How Many Medals Will the Home Team Take in London?

It’s 100 Days until London. Be awesome.

In their Olympic debut, the British Olympic Swim Team did well. They did fantastically-well, in fact, and topped the medal table with a whopping two golds. They didn’t compete in 1904, but were then back in 1908 where they topped the medal table again, this time with a huge 4 gold medals (7 total) in front of their hometown faithful in London.

The only other time that the Olympics have been held in the UK was in 1948, and the Brits didn’t do so hot there – mustering only a single bronze medal.

But the 6 golds won in their first two Games’ as a swim team make up 40% of the total golds they’ve ever won. Finally, in 2008, they again won multiple gold medals with a pair (to go with 2 silvers and 2 bronze), though even then half of their medals were in open water. Now, the suddenly swimming-crazy Brits are hungry for more hardware, and with aquatic sports feeding the Olympic frenzy, whoever takes home a medal from this year’s games will probably earn themselves fame and a pretty penny to go along with them.

At last year’s World Championships, they were flat – though expectations were higher. They had 6 medals (3 gold), with one of them coming by way of Liam Tancock’s non-Olympic 50 backstroke and another from Keri-Anne Payne’s 10km open water swim.

But all eyes will be focused on how many they can take this year, and it could be a record haul. First let’s take the candidates.

The only relay squad with any sort of a shot is probably the women’s 400 medley – though it’s an uphill battle. They were 6th at Worlds (thanks to a pair of DQ’s) but were still four seconds away from medaling. Kate Haywood should be a huge upgrade at breaststroke; Fran Halsall has been awesome this year and was only average at Worlds on this relay; and the Brits are good and deep on the front-half, so there’s a better shot than it might seem at first guess.

Tancock will be in the final of the 100 back. Halsall is a medal contender in three races – the 50 free, the 100 free, and the 100 fly. The Brits really have double-contenders in both of the women’s butterfly events, though getting more than one medal in each would be a mild upset.

Then there’s of course Rebecca Adlington in the 400 and 800 freestyles. She took silver and gold in those two races at last year’s World Championships.

Gemma Spofforth is the 100 back World Record holder, and though she hasn’t done a ton to live up to that status in the last year, that counts for something. Likewise, Lizzie Simmonds wasn’t mindblowing at Trials, but was awesome this short course season and will final in the 200.

Hannah Miley could be the big tipping point for Britain. She took the silver medal at last year’s World Championships, and leads the world in 2012, in the 400 IM. That race has an absolutely brutal field this year though, so she’ll have to be sharp.

In open water, Keri-Anne Payne is the defending 10km World Champion. Open water is always unpredictable, but it would be silly to count her off of the podium. The men’s open water spot still hasn’t been nailed down, but Daniel Fogg is feeling confident after winning the 1500 free at Trials in a new English Record. He’s now boasting that he expects to take down David Davies in Portugal at the final worldwide open water trial this summer, but he may not have the experience to win against the best-of-the-best.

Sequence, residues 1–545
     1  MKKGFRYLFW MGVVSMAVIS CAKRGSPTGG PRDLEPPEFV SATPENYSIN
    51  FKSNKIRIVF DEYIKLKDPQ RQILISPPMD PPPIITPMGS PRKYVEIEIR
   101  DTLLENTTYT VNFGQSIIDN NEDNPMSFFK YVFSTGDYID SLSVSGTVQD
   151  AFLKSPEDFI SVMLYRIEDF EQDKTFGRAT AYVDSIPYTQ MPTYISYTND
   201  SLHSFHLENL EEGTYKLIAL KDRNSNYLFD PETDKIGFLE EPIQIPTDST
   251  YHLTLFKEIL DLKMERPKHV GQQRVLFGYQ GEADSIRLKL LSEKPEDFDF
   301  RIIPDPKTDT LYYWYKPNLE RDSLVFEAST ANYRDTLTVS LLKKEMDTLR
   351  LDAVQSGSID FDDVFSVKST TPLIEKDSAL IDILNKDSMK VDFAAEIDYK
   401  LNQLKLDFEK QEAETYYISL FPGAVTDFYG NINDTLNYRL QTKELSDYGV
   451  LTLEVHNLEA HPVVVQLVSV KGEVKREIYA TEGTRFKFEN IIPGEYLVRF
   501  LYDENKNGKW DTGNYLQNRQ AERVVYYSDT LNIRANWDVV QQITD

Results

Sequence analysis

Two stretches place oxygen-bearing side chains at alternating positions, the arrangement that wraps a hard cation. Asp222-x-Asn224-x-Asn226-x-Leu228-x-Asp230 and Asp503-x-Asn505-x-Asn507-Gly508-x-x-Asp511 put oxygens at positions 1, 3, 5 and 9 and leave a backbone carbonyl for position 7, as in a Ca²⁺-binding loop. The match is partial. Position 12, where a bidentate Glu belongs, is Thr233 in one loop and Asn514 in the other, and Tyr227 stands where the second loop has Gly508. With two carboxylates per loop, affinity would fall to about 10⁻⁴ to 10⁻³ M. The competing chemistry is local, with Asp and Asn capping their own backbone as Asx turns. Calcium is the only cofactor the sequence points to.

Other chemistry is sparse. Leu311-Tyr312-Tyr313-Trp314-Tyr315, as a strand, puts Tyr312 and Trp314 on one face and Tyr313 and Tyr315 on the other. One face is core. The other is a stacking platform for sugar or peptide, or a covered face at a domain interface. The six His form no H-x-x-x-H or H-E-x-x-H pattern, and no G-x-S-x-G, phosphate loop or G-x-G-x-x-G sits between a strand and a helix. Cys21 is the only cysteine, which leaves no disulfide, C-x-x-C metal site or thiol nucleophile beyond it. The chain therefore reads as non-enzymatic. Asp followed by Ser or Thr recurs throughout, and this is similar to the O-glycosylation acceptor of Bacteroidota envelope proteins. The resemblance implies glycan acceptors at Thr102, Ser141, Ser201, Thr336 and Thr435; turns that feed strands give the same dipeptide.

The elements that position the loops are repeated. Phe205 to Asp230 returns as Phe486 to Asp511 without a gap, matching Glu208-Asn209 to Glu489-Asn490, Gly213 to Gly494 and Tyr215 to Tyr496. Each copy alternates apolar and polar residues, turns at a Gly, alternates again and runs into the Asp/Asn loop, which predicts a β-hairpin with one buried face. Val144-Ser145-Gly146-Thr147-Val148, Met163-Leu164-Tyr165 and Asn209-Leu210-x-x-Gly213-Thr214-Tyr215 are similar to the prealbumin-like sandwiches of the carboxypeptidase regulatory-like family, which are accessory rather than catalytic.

So by my count, that’s in the neighborhood of 13 or 14 possibilities for medals. We have to factor in the home-field advantage for the Brits. They won’t have to be away from home as long as the other athletes will, they will be in more familiar territory, they won’t have to adjust their sleep habits for a time zone change (I suppose other than Ellen Gandy, who lives in Australia).

Adlington should be good for 2. They’ll take a medal in open water (a 2nd is possible, but they can’t get to the three they had in 2008). Without knowing the field set for sure, I like only one medal between Spofforth, Simmonds, and Halsall. Let’s say just the one for the butterfliers (Halsall and Gandy are outstanding in the 100, but I think the triad of Vollmer-Sjostrom-Coutts, plus whichever Chinese swimmer is too good to be upset).

I would like to peg two from Halsall, but at Worlds she had trouble getting her fingers on the wall. She’s relatively short for a sprinter (only 5’7) and that seemed to cost her a pair of touches in Shanghai. I’ll hedge my best there and say she’ll get one out of two (more likely the 50) in the freestyle sprints.

I’m going to set the over/under at 6 medals, including open water; and probably two golds. They’ll be hurt by fewer open water medals, but will benefit from an uptick in pool-swimming medals. It should be about a zero-sum game for them. If they go for the “over,” the meet will be deemed a success. If under, I think there will be swimmers who felt they left some hardwares in the lanes at the Olympic Aquatic Center.

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11 years ago

Best case scenario I would say (not counting open water, since I don’t know as much about that) is 8 medals, 2 gold. Adlington can repeat, then Tancock with a medal (He needs to get back to his 52.8 form), Halsall with medals in the free, Gandy in 2fly, Miley in 4IM, and Simmonds in 2back.

11 years ago

Under. I say 4 at the most. Two for Adlington, one for open water, and one for home pool advantage.

About Braden Keith

Braden Keith

Braden Keith is the Editor-in-Chief and a co-founder/co-owner of He first got his feet wet by building The Swimmers' Circle beginning in January 2010, and now comes to SwimSwam to use that experience and help build a new leader in the sport of swimming. Aside from his life on the InterWet, …

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